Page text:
Used Western For Sale Seat Sizes for the Rider
Used Western saddles for sale are generally sized smaller for riders than English saddles. If you know your seat size in an English saddle, a good rule of thumb is to choose a Western saddle with a seat size two inches smaller than your typical English saddle size.
Sit in the Western saddle. There should be about four inches between your body and the swell of the saddle. Anything less than that may mean a too-small saddle, and a bigger gap means the saddle may be on the large size. Larger may be more comfortable for you.
Western riders with longer legs should choose a larger-size saddle. The fenders are scaled according to the seat size, and a larger saddle will come with longer fenders, which take up your leg better.
Western Saddles: Wither Test
On a western saddles for sale, you can conduct the same wither test as on an English saddle. Slide the saddle into place, and then slip your fingers between the gullet and the horse’s withers.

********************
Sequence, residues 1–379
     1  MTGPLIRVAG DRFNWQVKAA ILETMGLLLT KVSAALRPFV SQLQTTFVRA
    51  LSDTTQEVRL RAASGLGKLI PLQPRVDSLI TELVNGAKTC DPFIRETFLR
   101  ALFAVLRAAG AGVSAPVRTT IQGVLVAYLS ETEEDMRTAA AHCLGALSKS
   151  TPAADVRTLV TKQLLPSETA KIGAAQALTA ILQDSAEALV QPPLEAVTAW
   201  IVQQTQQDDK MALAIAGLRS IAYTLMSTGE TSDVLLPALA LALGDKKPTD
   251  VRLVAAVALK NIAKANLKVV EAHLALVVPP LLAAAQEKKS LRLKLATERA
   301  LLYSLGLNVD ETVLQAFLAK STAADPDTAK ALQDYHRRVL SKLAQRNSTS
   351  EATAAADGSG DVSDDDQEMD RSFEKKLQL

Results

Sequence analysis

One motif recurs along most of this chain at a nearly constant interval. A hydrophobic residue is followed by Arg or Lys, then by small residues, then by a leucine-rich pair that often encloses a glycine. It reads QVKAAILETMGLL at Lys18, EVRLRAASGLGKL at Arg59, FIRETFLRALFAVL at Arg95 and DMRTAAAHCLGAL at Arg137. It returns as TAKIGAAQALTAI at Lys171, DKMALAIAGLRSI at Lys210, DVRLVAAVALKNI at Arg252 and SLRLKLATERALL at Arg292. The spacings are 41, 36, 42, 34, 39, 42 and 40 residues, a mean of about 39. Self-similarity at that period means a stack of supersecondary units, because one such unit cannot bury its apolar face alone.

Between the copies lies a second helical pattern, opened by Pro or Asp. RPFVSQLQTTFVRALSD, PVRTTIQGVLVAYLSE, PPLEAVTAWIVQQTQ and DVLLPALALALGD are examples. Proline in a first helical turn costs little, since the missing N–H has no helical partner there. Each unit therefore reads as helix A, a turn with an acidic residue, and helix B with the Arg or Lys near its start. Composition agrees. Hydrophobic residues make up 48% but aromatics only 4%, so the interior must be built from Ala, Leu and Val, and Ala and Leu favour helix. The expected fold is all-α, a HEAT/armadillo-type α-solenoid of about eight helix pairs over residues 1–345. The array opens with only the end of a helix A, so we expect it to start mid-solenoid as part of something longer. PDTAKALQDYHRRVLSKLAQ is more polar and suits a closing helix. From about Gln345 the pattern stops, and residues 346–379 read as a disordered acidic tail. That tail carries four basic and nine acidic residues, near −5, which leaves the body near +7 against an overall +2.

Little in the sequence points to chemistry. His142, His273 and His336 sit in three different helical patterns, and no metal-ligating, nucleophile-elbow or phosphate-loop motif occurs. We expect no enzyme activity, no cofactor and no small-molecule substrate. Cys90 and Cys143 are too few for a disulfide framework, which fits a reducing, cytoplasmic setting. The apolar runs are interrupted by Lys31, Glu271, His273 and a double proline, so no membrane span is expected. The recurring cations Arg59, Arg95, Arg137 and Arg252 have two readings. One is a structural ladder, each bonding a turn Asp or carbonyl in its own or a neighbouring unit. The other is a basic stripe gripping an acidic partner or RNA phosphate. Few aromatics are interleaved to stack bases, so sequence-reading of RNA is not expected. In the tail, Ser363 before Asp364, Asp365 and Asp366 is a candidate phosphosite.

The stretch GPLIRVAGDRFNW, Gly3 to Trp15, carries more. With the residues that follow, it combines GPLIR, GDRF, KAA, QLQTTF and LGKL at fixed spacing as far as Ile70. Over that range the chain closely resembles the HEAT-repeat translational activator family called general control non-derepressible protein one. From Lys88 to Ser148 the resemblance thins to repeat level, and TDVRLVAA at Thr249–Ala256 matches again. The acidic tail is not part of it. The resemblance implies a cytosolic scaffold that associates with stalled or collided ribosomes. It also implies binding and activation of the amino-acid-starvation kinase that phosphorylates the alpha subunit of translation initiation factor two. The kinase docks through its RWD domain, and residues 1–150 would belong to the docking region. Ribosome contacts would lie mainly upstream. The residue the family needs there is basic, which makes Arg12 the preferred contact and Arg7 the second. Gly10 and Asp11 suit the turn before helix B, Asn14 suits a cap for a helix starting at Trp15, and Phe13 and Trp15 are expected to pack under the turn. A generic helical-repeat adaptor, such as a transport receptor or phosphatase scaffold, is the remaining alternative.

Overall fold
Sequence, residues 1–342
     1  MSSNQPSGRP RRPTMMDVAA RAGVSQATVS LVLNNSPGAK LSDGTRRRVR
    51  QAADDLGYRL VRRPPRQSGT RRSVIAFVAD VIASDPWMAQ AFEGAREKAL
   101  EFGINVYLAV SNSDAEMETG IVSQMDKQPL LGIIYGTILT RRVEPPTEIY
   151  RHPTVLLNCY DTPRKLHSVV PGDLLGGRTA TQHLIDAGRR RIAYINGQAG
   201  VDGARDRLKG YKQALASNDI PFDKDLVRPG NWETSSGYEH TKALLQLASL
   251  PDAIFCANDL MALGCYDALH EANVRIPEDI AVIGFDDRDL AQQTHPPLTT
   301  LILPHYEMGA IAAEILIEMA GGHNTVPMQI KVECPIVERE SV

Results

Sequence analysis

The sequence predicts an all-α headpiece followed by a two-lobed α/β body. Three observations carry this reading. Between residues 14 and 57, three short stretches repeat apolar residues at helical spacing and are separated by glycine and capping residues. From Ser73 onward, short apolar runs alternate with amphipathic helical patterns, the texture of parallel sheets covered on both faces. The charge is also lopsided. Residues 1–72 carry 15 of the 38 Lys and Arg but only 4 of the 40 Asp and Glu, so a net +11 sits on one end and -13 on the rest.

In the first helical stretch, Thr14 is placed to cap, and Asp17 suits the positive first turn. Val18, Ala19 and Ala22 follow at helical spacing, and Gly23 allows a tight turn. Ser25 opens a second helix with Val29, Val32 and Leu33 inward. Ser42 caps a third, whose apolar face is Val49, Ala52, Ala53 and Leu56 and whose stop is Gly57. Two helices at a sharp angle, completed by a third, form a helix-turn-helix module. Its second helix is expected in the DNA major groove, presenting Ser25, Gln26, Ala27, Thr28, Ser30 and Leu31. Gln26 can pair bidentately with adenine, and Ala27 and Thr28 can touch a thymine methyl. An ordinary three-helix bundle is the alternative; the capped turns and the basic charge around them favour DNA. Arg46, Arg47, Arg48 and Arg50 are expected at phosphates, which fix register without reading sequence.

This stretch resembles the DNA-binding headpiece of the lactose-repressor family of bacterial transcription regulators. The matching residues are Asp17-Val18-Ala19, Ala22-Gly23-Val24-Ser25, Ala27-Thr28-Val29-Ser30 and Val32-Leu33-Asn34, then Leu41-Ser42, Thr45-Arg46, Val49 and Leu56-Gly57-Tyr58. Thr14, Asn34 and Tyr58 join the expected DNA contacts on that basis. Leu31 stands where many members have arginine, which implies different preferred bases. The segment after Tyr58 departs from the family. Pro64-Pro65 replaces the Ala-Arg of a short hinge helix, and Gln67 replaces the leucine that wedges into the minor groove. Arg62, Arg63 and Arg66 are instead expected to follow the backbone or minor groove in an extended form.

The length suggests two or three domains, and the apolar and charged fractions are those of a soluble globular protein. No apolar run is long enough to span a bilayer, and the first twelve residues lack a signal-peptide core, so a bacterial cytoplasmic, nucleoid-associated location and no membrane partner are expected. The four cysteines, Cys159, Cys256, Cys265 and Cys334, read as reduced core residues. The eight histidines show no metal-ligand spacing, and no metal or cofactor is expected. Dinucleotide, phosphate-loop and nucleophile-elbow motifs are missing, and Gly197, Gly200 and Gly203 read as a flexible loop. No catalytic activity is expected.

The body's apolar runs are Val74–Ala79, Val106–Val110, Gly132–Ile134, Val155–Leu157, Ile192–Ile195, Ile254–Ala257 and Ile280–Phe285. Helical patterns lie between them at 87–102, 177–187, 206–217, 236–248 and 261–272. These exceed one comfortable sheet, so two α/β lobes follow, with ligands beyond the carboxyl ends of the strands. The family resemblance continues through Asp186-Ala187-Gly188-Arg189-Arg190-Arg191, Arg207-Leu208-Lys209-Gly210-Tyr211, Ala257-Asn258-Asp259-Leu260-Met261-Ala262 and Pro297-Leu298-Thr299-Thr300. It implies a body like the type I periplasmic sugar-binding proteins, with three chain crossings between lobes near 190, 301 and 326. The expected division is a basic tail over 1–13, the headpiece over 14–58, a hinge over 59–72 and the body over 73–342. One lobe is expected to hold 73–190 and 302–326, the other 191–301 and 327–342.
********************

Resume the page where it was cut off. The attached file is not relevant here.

- A good fit — Two to three fingers’ width is just about right.
- Too narrow — If you can fit your whole hand in between the withers and saddle gullet, the tree is too narrow.
- Too wide — If the gullet touches your horse’s topline, or you can barely squeeze a finger in, the tree is too wide.
Western Saddles: Balance and Level Test
As with an English saddle, you should also examine a Western saddle for proper balance. After placing the saddle on your horse’s back, walk around and look at how it fits.
- Does the saddle look level? If not, try repositioning it or using shims. You can also try different rigging positions.
- Does the saddle look too high in front? The tree may be too narrow.
- Does the saddle look as if it’s slumping forward or sagging in the front? The tree may be too wide.